What An NSA Domestic Spying Operation Looks Like
In this 2005, file photo, a man walks out the Verizon's new corporate headquarters.The Obama administration on Thursday, June 6, 2013, defended the government's need to collect telephone records of American citizens, calling such information "a critical tool in protecting the nation from terrorist threats." Britain's Guardian newspaper reported that the NSA has been collecting the telephone records of millions of Verizon customers under a top secret court order. (AP Photo/Dima Gavrysh, File)
Millions of Verizon customers awoke Thursday to learn that the National Security Agency has been secretly collecting their telephone records, under a classified court order granted to the Obama administration in April.
According to a report by The Guardian‘s Glenn Greenwald, the order requires Verizon, one of the nation’s largest telecommunications providers, to give the NSA information on calls from within the U.S., as well as between the U.S. and foreign countries on an “ongoing, daily basis.” That information includes the numbers of both parties on a call, location data and the time and duration of the conversation, according to The Guardian.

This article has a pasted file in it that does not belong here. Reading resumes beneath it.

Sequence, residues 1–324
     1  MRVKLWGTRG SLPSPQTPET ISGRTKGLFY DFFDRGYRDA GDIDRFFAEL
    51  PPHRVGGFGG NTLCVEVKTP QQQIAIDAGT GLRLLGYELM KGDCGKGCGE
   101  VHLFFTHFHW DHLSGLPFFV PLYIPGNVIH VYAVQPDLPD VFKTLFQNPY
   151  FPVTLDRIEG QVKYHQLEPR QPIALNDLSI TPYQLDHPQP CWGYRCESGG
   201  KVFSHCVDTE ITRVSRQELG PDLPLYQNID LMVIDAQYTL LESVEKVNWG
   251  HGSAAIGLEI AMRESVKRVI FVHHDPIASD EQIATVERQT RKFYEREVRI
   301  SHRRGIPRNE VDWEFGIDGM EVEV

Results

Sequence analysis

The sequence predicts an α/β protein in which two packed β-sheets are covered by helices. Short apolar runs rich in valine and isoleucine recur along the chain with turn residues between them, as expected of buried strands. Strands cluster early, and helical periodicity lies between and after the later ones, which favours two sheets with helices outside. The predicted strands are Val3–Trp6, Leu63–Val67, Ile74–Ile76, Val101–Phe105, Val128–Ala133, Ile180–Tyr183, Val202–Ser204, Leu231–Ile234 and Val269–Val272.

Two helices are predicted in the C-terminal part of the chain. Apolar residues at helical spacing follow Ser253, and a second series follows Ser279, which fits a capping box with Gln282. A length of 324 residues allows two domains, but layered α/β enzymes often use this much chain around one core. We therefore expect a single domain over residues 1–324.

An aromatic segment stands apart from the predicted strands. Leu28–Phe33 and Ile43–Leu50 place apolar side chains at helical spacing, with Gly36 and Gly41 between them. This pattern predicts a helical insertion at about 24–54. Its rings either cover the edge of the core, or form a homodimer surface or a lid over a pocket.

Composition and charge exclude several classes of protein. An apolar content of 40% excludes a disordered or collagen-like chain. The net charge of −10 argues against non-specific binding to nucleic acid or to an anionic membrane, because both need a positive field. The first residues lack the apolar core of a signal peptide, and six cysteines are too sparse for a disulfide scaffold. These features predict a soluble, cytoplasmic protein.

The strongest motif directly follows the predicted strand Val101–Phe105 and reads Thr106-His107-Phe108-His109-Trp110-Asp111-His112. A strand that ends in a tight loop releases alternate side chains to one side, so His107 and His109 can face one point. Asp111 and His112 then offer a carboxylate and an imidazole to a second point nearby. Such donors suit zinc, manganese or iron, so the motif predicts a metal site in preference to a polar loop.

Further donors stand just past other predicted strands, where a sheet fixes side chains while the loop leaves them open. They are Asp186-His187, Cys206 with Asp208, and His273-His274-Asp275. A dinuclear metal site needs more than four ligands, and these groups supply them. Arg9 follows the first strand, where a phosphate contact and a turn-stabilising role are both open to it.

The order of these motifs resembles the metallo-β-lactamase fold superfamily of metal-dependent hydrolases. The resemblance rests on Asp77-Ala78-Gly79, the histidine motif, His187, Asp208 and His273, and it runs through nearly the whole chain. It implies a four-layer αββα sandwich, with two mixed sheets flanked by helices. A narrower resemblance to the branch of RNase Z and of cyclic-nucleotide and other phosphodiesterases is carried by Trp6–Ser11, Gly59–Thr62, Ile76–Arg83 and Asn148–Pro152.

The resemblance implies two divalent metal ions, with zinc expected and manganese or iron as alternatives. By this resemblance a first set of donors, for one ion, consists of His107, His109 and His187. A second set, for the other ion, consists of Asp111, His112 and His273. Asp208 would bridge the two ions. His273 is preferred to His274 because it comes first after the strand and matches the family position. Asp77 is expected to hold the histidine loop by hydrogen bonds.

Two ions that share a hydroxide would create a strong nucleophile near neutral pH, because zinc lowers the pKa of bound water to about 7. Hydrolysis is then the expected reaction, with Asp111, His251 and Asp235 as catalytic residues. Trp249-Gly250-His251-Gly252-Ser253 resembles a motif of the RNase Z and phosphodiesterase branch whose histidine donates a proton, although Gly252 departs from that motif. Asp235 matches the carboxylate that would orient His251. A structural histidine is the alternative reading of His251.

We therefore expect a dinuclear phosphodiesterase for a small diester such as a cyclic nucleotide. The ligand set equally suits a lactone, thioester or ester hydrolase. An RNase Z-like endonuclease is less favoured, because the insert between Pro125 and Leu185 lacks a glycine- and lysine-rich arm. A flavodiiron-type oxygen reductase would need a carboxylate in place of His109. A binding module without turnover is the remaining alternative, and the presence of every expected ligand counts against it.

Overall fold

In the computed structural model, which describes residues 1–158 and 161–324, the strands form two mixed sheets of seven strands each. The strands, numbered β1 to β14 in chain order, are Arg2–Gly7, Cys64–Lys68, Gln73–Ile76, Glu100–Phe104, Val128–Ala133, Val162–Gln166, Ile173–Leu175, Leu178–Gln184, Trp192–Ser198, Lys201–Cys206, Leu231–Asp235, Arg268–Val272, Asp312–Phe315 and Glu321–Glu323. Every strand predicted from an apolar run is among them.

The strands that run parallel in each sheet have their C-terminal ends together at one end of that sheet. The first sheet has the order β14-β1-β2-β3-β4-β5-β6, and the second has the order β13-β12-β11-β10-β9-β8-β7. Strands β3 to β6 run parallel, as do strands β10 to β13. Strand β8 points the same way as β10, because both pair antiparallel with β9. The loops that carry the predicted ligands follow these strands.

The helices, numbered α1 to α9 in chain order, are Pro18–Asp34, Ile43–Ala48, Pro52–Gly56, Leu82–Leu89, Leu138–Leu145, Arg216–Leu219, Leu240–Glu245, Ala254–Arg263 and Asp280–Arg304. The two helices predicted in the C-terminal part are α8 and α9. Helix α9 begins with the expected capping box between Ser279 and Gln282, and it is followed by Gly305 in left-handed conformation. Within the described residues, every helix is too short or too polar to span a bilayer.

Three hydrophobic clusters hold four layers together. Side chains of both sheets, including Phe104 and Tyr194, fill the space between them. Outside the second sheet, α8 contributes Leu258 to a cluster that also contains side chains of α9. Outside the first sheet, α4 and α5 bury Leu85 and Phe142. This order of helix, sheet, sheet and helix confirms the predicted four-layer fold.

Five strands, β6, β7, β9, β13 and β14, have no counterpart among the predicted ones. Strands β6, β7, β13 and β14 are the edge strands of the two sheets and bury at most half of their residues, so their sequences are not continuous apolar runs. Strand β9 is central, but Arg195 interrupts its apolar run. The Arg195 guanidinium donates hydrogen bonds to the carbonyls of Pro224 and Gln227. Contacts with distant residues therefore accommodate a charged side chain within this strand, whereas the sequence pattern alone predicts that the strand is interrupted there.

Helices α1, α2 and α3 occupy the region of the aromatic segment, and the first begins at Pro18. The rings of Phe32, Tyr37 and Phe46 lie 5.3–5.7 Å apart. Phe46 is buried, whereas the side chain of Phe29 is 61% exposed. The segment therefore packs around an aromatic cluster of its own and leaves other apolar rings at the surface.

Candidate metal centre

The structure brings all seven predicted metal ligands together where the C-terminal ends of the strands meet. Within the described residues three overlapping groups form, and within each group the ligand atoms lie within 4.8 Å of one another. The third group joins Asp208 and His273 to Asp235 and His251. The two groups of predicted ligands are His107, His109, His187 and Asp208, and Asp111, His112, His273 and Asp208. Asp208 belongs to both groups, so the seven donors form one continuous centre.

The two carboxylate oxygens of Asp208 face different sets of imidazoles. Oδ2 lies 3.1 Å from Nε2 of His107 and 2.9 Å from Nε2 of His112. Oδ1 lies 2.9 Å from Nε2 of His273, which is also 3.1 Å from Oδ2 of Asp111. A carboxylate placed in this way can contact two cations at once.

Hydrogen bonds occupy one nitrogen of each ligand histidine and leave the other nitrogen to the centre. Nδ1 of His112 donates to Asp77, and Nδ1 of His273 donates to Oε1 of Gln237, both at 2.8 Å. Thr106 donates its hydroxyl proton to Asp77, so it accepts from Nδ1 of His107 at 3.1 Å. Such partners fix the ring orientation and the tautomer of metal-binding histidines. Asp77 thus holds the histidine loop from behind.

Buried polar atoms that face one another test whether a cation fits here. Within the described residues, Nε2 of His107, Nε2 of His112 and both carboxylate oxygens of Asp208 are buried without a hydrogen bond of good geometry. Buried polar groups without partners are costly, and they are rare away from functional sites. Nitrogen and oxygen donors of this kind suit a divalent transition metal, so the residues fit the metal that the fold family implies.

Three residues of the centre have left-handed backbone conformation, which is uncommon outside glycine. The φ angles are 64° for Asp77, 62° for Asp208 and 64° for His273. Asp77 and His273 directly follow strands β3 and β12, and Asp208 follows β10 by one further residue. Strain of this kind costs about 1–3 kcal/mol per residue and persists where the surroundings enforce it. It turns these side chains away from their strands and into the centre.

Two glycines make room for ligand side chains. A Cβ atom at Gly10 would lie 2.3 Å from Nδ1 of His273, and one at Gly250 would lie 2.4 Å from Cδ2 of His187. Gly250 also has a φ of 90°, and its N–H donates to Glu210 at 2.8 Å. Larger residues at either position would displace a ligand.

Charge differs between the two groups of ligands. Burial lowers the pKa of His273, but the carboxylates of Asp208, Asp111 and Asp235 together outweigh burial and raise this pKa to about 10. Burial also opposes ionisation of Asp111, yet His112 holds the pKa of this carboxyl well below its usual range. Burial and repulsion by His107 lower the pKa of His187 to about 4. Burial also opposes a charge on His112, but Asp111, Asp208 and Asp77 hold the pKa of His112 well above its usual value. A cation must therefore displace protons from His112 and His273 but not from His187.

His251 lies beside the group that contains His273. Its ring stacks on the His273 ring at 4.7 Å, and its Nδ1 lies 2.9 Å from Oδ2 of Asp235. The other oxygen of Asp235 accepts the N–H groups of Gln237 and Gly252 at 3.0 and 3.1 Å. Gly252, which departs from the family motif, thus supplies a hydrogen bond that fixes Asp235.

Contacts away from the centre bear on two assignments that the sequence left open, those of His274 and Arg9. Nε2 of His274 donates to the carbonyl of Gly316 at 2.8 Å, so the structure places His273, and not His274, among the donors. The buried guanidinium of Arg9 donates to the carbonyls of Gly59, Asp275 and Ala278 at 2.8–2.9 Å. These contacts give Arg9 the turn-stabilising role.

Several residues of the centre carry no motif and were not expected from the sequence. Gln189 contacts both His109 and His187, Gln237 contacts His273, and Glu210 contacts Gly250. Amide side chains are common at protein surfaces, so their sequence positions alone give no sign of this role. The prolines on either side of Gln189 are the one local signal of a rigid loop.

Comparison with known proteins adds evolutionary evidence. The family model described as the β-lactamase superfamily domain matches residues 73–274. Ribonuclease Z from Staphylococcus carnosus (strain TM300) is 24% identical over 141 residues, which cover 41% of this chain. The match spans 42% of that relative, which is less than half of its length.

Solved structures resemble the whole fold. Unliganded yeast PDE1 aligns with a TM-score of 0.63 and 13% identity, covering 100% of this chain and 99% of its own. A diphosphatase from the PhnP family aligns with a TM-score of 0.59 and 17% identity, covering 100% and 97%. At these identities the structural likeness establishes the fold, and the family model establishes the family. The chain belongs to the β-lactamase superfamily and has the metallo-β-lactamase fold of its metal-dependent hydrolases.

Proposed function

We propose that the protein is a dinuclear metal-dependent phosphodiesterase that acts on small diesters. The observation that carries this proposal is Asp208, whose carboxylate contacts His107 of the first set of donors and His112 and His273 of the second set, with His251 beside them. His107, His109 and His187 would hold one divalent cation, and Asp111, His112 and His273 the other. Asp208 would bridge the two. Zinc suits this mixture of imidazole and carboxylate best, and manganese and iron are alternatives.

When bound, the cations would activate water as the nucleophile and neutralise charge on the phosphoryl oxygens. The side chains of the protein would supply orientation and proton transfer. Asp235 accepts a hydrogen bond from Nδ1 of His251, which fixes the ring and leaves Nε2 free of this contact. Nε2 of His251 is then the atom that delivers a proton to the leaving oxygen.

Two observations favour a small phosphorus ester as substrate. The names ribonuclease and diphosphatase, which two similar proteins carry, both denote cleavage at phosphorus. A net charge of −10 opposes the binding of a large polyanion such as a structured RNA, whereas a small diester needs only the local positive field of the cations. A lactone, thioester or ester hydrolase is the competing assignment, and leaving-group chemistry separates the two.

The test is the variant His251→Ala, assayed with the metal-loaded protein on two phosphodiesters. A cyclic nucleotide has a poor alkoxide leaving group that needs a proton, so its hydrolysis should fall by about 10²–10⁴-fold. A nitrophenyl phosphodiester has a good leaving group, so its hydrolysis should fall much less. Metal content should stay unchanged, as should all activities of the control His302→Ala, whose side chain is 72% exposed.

The report has brought flashbacks of the highly controversial domestic surveillance program first initiated by the Bush administration in the wake of the 9/11 attacks.
The inside story of that effort was uncovered in 2002 by Mark Klein, a former internet technician with AT&T. In the following clip from the FRONTLINE film Spying On The Home Front, Klein describes how he first pieced together that the NSA was building a massive top-secret data mining operation in a nondescript room just steps from his desk. Eventually, he told FRONTLINE, “it all clicked together to me … ‘Oh, that’s what they’re doing. This is a spy apparatus.'”
A senior Obama administration official defended the program Thursday, telling The New York Times that, “Information of the sort described in the Guardian article has been a critical tool in protecting the nation from terrorist threats to the United States, as it allows counterterrorism personnel to discover whether known or suspected terrorists have been in contact with other persons who may be engaged in terrorist activities, particularly people located inside the United States.”